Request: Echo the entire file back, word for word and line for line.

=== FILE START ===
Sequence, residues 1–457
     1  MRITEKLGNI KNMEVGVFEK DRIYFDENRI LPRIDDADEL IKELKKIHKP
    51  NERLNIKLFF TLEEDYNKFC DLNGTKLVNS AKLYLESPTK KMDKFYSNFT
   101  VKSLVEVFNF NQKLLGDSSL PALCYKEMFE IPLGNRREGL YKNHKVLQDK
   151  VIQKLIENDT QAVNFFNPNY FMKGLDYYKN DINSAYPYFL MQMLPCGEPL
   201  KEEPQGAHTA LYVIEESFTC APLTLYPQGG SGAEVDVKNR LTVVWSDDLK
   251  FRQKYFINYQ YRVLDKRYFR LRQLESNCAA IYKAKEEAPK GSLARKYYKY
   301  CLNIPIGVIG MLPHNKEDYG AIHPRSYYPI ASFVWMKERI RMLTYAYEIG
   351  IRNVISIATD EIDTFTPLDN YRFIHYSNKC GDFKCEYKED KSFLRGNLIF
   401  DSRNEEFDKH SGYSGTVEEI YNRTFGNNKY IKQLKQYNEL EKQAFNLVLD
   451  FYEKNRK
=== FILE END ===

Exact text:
Sequence, residues 1–457
     1  MRITEKLGNI KNMEVGVFEK DRIYFDENRI LPRIDDADEL IKELKKIHKP
    51  NERLNIKLFF TLEEDYNKFC DLNGTKLVNS AKLYLESPTK KMDKFYSNFT
   101  VKSLVEVFNF NQKLLGDSSL PALCYKEMFE IPLGNRREGL YKNHKVLQDK
   151  VIQKLIENDT QAVNFFNPNY FMKGLDYYKN DINSAYPYFL MQMLPCGEPL
   201  KEEPQGAHTA LYVIEESFTC APLTLYPQGG SGAEVDVKNR LTVVWSDDLK
   251  FRQKYFINYQ YRVLDKRYFR LRQLESNCAA IYKAKEEAPK GSLARKYYKY
   301  CLNIPIGVIG MLPHNKEDYG AIHPRSYYPI ASFVWMKERI RMLTYAYEIG
   351  IRNVISIATD EIDTFTPLDN YRFIHYSNKC GDFKCEYKED KSFLRGNLIF
   401  DSRNEEFDKH SGYSGTVEEI YNRTFGNNKY IKQLKQYNEL EKQAFNLVLD
   451  FYEKNRK